76

Assuming you were able to modify the OS/firmware/device for server/client to send and listen on ports higher than 65535, could it be possible to plant a backdoor and have it listen on, say, port 70000?

I guess the real question is this:

If you rebuilt the TCP/IP stack locally on the machine, would the overall concept not work due to how the RFC 793 - Transmission Control Protocol Standard works as mentioned below in some of the answers? Making it impossible to access a service running on a port higher then 65535.

There has been so much talk about hardware and devices having backdoors created that only government have access to for monitoring, and I was just curious if this was possibly one of the ways they were doing it and avoiding detection and being found?

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    If you're going to rebuild TCP/IP anyway, you might as well just make your backdoor intercept special packets you build and send to port 80. – joe snyder Jan 14 '17 at 20:57
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    I could imagine that if you were clever enough to pass "port 70000" to some implementations, they'd just end up truncating it to 4464. – Nick T Jan 15 '17 at 8:06
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    If you can modify the client to accept your hacked TCP packets you already pawned it. Why would you need to backdoor it as well? – Tonny Jan 15 '17 at 11:32
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    Theoretically you can put the backdoor on port 0, provided that you modify both the server and the client's TCP stack. I have a feeling any sane firewall is not going to let that pass – user69874 Jan 15 '17 at 19:16
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    @JPhi1618 "provided that you modify both the server and the client's TCP stack" is meant to include even the kernel. In theory if you really wanted to you can stuff 0 into the port field in the TCP packets, it might not be valid TCP anymore, but can circumvent bad firewalls(who actually blocks port 0?) and be hard to guess. – user69874 Jan 17 '17 at 2:32
199

No, the port number field in a TCP header is technically limited to 2 bytes. (giving you 2^16=65536 possible ports)

If you alter the protocol by reserving more bits for higher ports, you're violating the specification for TCP segments and wouldn't be understood by a client. In other words, you're not speaking TCP anymore and the term "port" as in "TCP source/destination port" wouldn't apply. The same limitation exists for UDP ports.

That said, a backdoor could instead communicate over a different protocol than TCP or UDP to obscure its communication. For example, icmpsh is a reverse shell that uses ICMP only. Ultimately, you can also implement your own custom transport-layer protocol using raw sockets that can have its own notion of ports with a greater range than 0-65535.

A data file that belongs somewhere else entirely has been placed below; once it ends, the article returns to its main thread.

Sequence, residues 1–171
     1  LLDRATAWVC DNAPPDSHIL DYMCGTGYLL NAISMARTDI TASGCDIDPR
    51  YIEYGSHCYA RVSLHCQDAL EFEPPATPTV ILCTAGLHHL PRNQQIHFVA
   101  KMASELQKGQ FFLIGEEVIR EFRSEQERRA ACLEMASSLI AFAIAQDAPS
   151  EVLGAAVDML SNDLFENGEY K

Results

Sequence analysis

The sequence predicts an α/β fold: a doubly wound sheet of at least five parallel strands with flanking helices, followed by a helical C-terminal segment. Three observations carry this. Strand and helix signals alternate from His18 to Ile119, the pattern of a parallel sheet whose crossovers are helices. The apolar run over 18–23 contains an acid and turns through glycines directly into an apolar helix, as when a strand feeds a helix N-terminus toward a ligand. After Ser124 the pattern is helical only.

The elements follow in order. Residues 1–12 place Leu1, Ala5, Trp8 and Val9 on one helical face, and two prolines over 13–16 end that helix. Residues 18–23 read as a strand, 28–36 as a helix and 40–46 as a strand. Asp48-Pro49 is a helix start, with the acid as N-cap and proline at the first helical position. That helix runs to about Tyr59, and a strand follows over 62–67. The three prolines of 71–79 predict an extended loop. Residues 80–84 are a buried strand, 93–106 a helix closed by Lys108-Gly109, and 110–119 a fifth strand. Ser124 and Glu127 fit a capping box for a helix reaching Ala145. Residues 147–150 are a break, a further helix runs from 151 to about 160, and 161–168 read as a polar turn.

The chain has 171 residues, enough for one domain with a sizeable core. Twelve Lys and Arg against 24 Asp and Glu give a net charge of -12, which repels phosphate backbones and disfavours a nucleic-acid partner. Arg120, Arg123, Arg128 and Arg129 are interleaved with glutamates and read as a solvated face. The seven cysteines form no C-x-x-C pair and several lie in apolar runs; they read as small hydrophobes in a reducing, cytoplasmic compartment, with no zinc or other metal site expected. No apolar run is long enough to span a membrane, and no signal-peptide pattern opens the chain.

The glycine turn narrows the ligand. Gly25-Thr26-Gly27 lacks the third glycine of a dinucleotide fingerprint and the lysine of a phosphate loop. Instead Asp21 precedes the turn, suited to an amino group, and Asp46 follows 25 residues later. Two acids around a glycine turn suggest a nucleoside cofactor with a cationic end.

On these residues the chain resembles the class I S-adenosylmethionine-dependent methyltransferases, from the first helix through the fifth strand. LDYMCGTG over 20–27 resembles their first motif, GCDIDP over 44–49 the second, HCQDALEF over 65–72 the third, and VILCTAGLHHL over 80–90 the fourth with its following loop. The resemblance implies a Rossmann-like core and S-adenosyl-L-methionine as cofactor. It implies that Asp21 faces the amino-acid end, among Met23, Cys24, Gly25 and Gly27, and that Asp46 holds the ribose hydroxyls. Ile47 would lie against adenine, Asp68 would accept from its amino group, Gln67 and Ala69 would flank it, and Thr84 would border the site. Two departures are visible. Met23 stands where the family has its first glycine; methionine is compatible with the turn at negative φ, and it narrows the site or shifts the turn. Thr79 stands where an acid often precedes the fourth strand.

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    Not only the client wouldn't understand it. Also every router along the path of client to server would consider it a garbled packet and discard it. – Tonny Jan 15 '17 at 11:31
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    @Tonny: Not necessarily. Routers are only supposed to route at the IP level, not even see TCP/UDP headers. Of course then NAT happened.... – R.. Jan 15 '17 at 13:26
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    @Tonny: I'm unsure how many actually do. Certainly weird boundary NAT routers will mangle/drop it, but I don't know what portion of normal routers will. – R.. Jan 15 '17 at 14:26
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    NAT works on the port level, so each protocol forwarded via NAT needs support in NAT. Not all routers do NAT, this is common for home routers and SOHO routers, but the carrier-grade routers that your ISP uses to forward network to the greater Internet likely does not use NAT (but there is such a thing as Carrier Grade NAT or CGN). – LawrenceC Jan 15 '17 at 19:49
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    @R.. Now I give it some more thought... I think most routers would actually be ok with the IP packets themselves as long as the protocol type in the IP packet is changed to something else than the normal value for TCP. When it says TCP things like DPI, ip-tables, etc.. would try to analyze the packet which is then considered to be malformed as it doesn't adhere to the TCP specification. Routers with sloppy error-handling could potentially crash... (Now I think about it.. Possible attack vector ?) – Tonny Jan 16 '17 at 13:50
28

No, it's that number because the TCP field for that is only 16 bits long (65536, but starting at 0), so it is fundamentally impossible to communicate a higher port than 65535

This post has a really nice writeup on why this is so in IPv4, how it's the same in IPv6, and how you can reuse ports in regular use.

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    Note that your second post doesn't explain how to increase the port range but how to have additional IP addresses. The port numbers will still stay in [0, 65535]. – Arminius Jan 14 '17 at 21:23
  • @Arminius indeed it's very roundabout, the only way to extend them would be ways that are not supported by generic hops inbetween, such as optional fields in the IP header. – J.A.K. Mar 19 at 17:41
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If you rebuilt the TCP/IP stack locally on the machine, would the overall concept not work due to how the RFC 793 - Transmission Control Protocol Standard works as mentioned below in some of the answers? Making it impossible to access a service running on a port higher then 65535.